Materials and Methods Top


Patients and tissue samples

A total of 17 intestinal tissue samples from 12 CrD patients (7F, 5M), age 16-82 years and 5 UC patients (2F, 3M), age 25-60 years, undergoing colonoscopy were obtained for our study at the Gastroenterology Department of Hedi Chaker University Hospital (Sfax, Tunisia). Informed consent was obtained from all patients. Each patient had a confirmed diagnosis by standard endoscopic and histological criteria, and disease activity was graded according to the Harvey-Bradshawindex (HBI) or Mayoscore. [16],[17] Twelve control samples were taken from healthy individuals with normal endoscopic findings and without macroscopic and microscopic evidence of inflammatory or neoplastic disease. Grading of mucosal inflammation (active disease) was performed by an expert gastroenterologist, who specializes in IBD, according the following criteria: CrD and UC active (HBI ≥ 8, Mayo score ≥ 6, respectively). This study was approved by the Ethical Committee of the Habib Bourguiba University-Hospital of Sfax, Tunisia.

Protein extraction

The biopsies were weighed and then placed in a buffersolution of tampon buffersaline (TBS; 50 mMTris, 150 mMNaCl, pH 7.4) at a temperature of 4°C. The biopsies were homogenized in TBS (1 mg/ml) in an ultrasound homogenizer (Vibracell® ). Homogenates were centrifuged at 3.000 g at 4°C for 15 min and the supernatants were divided into aliquots. Biochemical estimation was carried out immediately.

MDA determination

MDA was evaluated using thiobarbituric acid-reactive species assay. [18] Biopsy supernatants (30 μl) were diluted in 500 μl distilled water and 2V of thiobarbituric acid agent was added (15% trichloroacetic acid and 0.8% thiobarbituric acid in 0.25 NHCl). The mixture was then heated at 95°C for 15 mins. After centrifugation at 3.000 rpm for 10 mn, optical density of the supernatant was determined at 532 nm. Values were reported to a calibration curve of 1, 1, 3, 3-tetraethoxypropane.

Conjugated diene determination

The conjugated diene level was evaluated as described by Kurien and Scofield [11] with modification. Biopsy supernatants (25 μl) were extracted with 3 ml chloroform/methanol (2:1, v/v). After centrifugation at 1.000 g for 15 mins, 2 ml of organic phase was transferred into another tube and dried at 45°C. The dried lipids were dissolved in 2 ml of methanol and absorbance at 233 nm was determined. It corresponds to the maximum absorbance of the extracted compounds.

CAT activity determination

CAT activity was measured, as described previously by Aebi. [19] This method is based on the principle that the absorbance at 240 nm decreases because of H 2 O 2 dismutation. The extinction coefficient of 43.6 l/mol/cm for H 2 O 2 was used for calculation. One unit is defined as the amount of H 2 O 2 converted into H 2 O and ½O 2 in 1 mn under standard conditions, and the specific activity is reported as units per mg of protein.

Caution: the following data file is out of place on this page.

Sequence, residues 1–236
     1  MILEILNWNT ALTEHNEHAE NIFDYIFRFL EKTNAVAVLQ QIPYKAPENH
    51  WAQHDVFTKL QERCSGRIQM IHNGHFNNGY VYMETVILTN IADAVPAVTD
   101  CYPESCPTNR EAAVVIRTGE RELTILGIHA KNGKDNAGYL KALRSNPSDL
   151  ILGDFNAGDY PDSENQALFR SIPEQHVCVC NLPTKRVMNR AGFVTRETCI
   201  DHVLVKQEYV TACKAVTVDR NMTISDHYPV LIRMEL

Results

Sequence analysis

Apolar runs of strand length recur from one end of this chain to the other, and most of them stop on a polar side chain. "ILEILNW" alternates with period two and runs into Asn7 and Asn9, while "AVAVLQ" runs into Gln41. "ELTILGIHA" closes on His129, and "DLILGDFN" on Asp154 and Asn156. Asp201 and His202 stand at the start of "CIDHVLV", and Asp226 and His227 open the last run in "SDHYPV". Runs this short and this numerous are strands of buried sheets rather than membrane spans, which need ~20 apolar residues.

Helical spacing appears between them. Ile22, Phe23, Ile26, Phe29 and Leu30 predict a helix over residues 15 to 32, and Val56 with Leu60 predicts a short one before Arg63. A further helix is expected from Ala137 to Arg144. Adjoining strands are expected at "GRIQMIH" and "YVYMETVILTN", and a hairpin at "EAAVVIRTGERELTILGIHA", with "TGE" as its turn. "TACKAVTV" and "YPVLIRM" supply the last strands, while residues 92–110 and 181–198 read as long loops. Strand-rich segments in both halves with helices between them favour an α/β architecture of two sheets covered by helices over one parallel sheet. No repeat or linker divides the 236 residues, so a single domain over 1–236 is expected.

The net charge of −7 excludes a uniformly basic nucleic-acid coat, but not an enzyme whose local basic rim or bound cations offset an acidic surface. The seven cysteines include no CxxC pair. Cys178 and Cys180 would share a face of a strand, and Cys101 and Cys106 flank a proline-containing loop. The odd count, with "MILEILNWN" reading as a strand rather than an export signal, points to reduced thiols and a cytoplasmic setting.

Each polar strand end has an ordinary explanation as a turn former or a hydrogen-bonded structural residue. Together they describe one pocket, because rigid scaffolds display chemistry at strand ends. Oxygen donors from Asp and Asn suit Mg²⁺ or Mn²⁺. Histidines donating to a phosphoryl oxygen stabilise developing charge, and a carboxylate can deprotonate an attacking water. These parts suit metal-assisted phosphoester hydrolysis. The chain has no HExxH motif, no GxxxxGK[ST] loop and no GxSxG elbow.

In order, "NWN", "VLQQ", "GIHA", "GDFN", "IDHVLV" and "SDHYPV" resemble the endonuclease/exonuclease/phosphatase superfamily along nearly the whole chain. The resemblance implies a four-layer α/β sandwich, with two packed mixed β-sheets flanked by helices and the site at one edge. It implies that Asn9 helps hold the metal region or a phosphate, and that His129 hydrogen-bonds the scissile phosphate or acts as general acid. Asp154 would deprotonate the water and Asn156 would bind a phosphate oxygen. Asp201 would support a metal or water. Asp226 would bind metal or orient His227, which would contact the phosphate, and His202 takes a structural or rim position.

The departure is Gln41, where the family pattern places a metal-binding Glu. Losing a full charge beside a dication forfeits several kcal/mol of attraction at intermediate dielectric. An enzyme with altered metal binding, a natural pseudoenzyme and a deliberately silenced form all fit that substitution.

Determination of protein thiol levels

Protein thiols were quantified spectro photometrically using 5,5-dithionitrobenzoic acid (DTNB); 250 ml of freshly prepared 10 m MDTN Bin 0.05 Mphosphate buffer pH8, were added to 50 ml of celly satin 1200 ml of 0.05 M phosphate buffer. After incubation in the dark for 15 min at room temperature, there lease of 5-thiobenzoic acid was quantified by measuring the absorbance at 412 nm and converted to absolute values using N-acetylcysteine as standard (0-0.1 mM). A correlation coefficient of r2 = 0.999 was obtained. The absorbance of sample slacking DTNB was subtracted to account for the background absorbance at 412 nm. Samples were analyzed in duplicate.

Protein quantification

The Protein levels were determined by using the Bio-Rad protein assay based on the Bradford dye procedure [20] and bovine serum albumin in served as standard.

Statistical analysis

Values of different parameters were expressed as the mean ± standard deviation (x ± SD). The one-way analysis of variance (ANOVA) was performed to evaluate the significance of differences between mean values. The post hoc test (Newman Kulls) was used to compare all paired means. A P value less than 0.05 were considered to be statistically significant. All statistical tests were performed using Graph-Pad Prism version 5 for Windows.


   Results Top


The study included 29 subjects in 3 groups. The CrD patient group consisted of 7 women and 5 men who were aged 16-82 years. The UC patient group consisted of 2 women and 3 men who were aged 25-60 years. The control group, consisted of 12 healthy volunteers.

Evaluation of lipid peroxidation in the biopsies

To determine lipid peroxidation, MDA and CD levels were assessed in CrD and UC biopsies in each patient, as well as in control subjects. The results, depicted in [Figure 1], show that MDA and CD levels were significantly increased in CrD and UC biopsies of patients compared with those of control subjects (MDA: P < 0.001; CDP < 0.001).
Figure 1: Box plots showing the levels of malondialdehyde and conjugated dienes in biopsies of UC and CrD patients and biopsies of control subjects. MDA and CD levels were significantly increased in UC and CrD biopsies of patients compared with those of control subjects (MDA: P < 0.001; CD P < 0.001). *P < 0.05 as compared with control subjects

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Evaluation of CAT activity in the biopsies

CAT activity in biopsies of CrD and UC patients as well as in control subjects' biopsies are shown in [Figure 2]. Our data show a non-significant rise in CAT activity in CrD and UC patients' biopsies compared with controls' biopsies (P > 0.05), however, CrD and UC patients showed higher activity of CAT than control subjects.